Brand Aid

Our attitude to charity has changed. Historically the big charity organisations were the banks for good causes, providing the essential infrastructure to collect and distribute funds to help others, as well as build awareness and generate revenue through their shops, fetes and charity balls.

Then in the mid-80s everything changed. Sir Bob, Midge and Bono rallied the youth icons from music, comedy and sport to raise the plight of Africa. They shook the suburban politeness of charity with the clear request to ‘give us your fokin’ money’ and focused the global marketing machine on issues rather than the charity organisations.

As mainstream charities increasingly promote the same global issues – poverty, climate change, AIDS, child welfare, third world debt, war/natural crisis – the organisations behind the causes becomes less distinct.  Corporate mistrust and the global financial crisis provide further challenges for charitable organisations.

So, whilst older people and those with specific experiences of loss or illness may retain a relationship with a charitable organisation, young people are more likely to see them as outmoded tin-rattlers who represent the past rather than the future.

Even with the re-brands, creative marketing campaigns and a greater sense of delivery, charities have more to do if they are to build a sustainable relationship with youth. And as any brand manager can tell you, if you aren’t recruiting and keeping new, younger consumers your brand will eventually fail.

Although young people don’t have pots of cash, their life-time value is immense and their passion, drive and idealism can change the world. Engaging the hearts, minds and voices of the 16-25 year olds seems to be a strategic necessity for charity organisations.

The big dilemma is how to appeal to youth whilst retaining and/or building a relationship with older, cash rich consumers. Charities have approached this in different ways - we helped Christian Aid develop a new youth brand Ctrl.Alt.Shift, providing a platform for young people to contribute issues based content. UNICEF has Youth Voice targeted at 11-18 year olds. Action Aid has blended youth relevance into the main offer with music and gifting.

While these activities may be effective, charities should be thinking harder about some of the marketing basics to ensure their organisations stand out and build sustainable brands for the future. Try three simple questions to start with:

  • Who are you really targeting – particularly attitudinal rather than demographic types – and what is their world all about?
  • What specifically do you want from them and what can you offer them?
  • How can you make sure your organisation, not just your issues, stand out and are attractive to them?
  • What could make you unique, better or different in their eyes?
  • How could you be more relevant to them?
  • How could you initiate and build a dialogue?
  • What will the overall experience be like?

These questions need to be asked with a brave heart:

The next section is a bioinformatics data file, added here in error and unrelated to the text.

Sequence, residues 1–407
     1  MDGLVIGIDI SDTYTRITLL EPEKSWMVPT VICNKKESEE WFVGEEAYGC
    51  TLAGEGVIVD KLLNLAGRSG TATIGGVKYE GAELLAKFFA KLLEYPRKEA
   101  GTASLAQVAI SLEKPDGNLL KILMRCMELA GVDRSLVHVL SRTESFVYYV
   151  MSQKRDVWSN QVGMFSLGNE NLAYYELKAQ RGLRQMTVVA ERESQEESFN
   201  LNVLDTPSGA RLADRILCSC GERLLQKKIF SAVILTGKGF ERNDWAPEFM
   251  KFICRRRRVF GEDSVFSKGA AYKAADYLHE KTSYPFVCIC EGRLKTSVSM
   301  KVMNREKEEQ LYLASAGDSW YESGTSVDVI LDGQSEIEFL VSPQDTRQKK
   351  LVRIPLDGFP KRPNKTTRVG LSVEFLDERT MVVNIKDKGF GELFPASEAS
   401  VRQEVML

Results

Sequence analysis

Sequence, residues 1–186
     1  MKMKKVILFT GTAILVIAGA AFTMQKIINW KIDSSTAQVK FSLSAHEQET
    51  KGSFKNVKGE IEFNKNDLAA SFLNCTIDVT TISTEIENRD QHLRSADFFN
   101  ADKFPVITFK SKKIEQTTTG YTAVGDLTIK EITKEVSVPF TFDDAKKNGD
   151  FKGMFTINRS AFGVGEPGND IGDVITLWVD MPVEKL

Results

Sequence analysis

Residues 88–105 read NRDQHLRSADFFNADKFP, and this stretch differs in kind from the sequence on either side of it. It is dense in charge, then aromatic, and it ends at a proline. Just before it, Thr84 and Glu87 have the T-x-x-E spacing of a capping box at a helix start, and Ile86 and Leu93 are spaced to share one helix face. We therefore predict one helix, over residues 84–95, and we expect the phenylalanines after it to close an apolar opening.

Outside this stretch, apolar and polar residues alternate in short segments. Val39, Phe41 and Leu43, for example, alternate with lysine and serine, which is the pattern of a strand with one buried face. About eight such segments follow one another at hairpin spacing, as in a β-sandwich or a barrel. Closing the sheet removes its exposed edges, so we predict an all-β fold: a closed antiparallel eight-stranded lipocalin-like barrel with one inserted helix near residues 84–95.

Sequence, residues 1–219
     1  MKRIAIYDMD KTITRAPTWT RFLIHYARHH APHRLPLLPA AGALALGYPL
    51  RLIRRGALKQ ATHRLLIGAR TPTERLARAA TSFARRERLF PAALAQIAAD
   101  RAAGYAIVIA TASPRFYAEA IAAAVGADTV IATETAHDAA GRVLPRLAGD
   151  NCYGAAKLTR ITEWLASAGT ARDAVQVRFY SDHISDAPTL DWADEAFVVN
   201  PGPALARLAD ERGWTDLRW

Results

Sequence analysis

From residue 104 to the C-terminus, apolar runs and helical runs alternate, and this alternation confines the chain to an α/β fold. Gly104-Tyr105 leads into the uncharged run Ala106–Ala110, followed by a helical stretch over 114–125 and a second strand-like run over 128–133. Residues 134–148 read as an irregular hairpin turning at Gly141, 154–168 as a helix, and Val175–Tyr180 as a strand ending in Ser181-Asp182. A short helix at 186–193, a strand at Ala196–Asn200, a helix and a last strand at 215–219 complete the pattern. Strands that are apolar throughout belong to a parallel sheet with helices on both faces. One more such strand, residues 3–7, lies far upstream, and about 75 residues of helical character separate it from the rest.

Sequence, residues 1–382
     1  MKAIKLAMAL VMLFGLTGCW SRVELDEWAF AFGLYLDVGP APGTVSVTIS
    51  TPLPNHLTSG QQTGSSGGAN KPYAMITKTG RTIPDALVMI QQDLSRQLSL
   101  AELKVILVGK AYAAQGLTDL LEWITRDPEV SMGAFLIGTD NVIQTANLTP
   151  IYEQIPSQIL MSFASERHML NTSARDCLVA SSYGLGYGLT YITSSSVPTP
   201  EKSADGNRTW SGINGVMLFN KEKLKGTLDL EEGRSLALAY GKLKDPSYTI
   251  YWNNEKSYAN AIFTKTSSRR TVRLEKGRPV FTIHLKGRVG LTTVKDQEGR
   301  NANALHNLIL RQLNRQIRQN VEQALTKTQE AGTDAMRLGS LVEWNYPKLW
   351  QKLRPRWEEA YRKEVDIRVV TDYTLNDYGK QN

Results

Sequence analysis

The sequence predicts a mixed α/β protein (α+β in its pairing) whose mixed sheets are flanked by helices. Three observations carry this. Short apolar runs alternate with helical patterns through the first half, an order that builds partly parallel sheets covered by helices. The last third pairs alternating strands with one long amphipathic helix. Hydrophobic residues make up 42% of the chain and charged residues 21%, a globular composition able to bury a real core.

• Are we prepared to take a hard look at the brand from a youth perspective... and maybe change it?
  • Do we want to build a relationship and experience not just initiate a transaction?
  • Do we believe that the consumer is buying something, not just giving – so we can sell and convince rather than browbeat and beg?
  • Do we realise that strong brands need focus and can’t be all things to all people, meaning we will need to leave some things and some loyalists behind?

Many of the big charities have understood some of these points but still the reason to choose one charity over another is not clear.

Once a broad brand strategy is clear, innovating and creating key points of difference is essential. It ensures the organisation is distinct, relevant and connected – particularly with young people.

What might the youth market want from a charity? Our team thought of a few things:

  • Insight – A good knowledge of what the charity stands for and how it relates to them
  • Stimulation – Through content, events and conversation
  • Social currency – The stories to share with their friends
  • Personal impact – They need to feel they are making a change, not just a number
  • Entertainment – Engagement through entertainment is an easy win and can help communicate key messages
  • Recognition – Thank them for their time / money / input.
  • Connection and community – with each other and those being helped.

Geldof broke the mould. He talked to youth in their language but, more importantly, he led them on a journey rather than simply pandering to their wishes. He mobilised, entertained, bullied and shamelessly asked everyone to stand and deliver. Then he followed through. Sometimes he failed but he learned, adapted and he stayed true to his ‘brand’.  Importantly he stayed passionate and kept his can-do attitude – two things that young people like from their brands.

Whether it’s a charity or a regular brand, we always try to bring the youth world to life, ask challenging brand questions, generate ideas that can make a difference and create engaging and lasting consumer experiences. Bob would probably just tell you to give us your fokin’ brand and we’ll change the world but we think that a bit rude. Just pop your brief in the tin.

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